Pig farm with contaminated pork disciplined

TAIWAN - The Council of Agriculture (COA) has ordered a small pig farm in the central county of Changhua to suspend sale of its pigs for two months after its pork was detected to contain traces of a banned veterinary drug.
calendar icon 28 July 2007
clock icon 3 minute read

Huang Kuo-ching, a section chief with the COA's Bureau of Animal and Plant Health Inspection and Quarantine, made the announcement at a news conference held at the Department of Health (DOH) which reported earlier in the day the discovery of a small amount of ractopamine in a sample of pork provided by the health bureau in Miaoli County in northern Taiwan for testing.

Huang said the ractopamine-containing pork sold in a traditional market in Miaoli County came from a small ranch in Changhua County's Yenpu rural township which raises some 800 pigs and delivers 40 to 50 pigs to Miaoli every two weeks.

In addition to demanding the ranch suspend movement or delivery of its pigs for two months, the COA has also directed relevant local authorities to slap the ranch owner with a fine ranging between NT$6,000 and NT$30,000, Huang said, adding that the ranch will be allowed to sell its pigs only after health authorities determine that all of its pigs are free of any banned substances.

Moreover, Huang said the COA will track down the supplier who has provided ractopamine to the hog ranch.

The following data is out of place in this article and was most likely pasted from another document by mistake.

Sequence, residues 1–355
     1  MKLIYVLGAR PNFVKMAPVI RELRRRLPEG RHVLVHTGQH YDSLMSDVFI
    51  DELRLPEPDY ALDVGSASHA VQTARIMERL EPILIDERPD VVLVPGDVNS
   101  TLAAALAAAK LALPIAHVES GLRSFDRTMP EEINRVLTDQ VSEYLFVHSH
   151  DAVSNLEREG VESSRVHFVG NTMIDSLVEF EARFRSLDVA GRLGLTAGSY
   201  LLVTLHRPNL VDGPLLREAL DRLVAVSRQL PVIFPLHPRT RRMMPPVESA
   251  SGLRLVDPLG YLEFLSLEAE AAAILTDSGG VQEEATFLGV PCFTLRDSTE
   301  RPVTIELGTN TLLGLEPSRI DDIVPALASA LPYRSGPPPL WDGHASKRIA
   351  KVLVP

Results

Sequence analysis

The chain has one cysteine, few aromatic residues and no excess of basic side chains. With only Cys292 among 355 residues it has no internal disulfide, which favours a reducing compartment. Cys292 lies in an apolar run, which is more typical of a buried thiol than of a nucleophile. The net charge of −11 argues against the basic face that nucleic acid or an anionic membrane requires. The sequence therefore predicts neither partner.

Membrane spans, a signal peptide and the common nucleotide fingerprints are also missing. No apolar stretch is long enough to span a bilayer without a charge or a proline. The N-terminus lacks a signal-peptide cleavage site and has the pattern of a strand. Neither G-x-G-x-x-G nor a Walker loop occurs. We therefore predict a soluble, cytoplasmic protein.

Ractopamine is legally used in some countries as a feed additive to promote the growth of lean meat in pigs, but banned in Taiwan. The COA decided last October to ban all drugs used by farmers as food additives to boost growth of lean meat in pigs, including ractopamine, after cases were reported abroad concerning the effect of such drugs on consumers' heart and neural systems.

Speaking on the same occasion, Hsieh Ting-hung, deputy head of the DOH's Bureau of Food Safety, said the bureau has ordered the Miaoli public health office to destroy all pork that was detected to contain ractopamine.

The DOH has asked local health authorities to step up pork inspection since July 20 after two shipments of pork imported from the United States were detected to contain traces of ractopamine. "We have received 39 samples from various cities and counties and only one of the 29 samples that have been tested for ractopamine residues failed the test," Hsieh said.

Meanwhile, Miaoli County authorities said earlier in the day that all of the ractopamine-containing pork has been destroyed in line with the DOH instruction for protection of public health.

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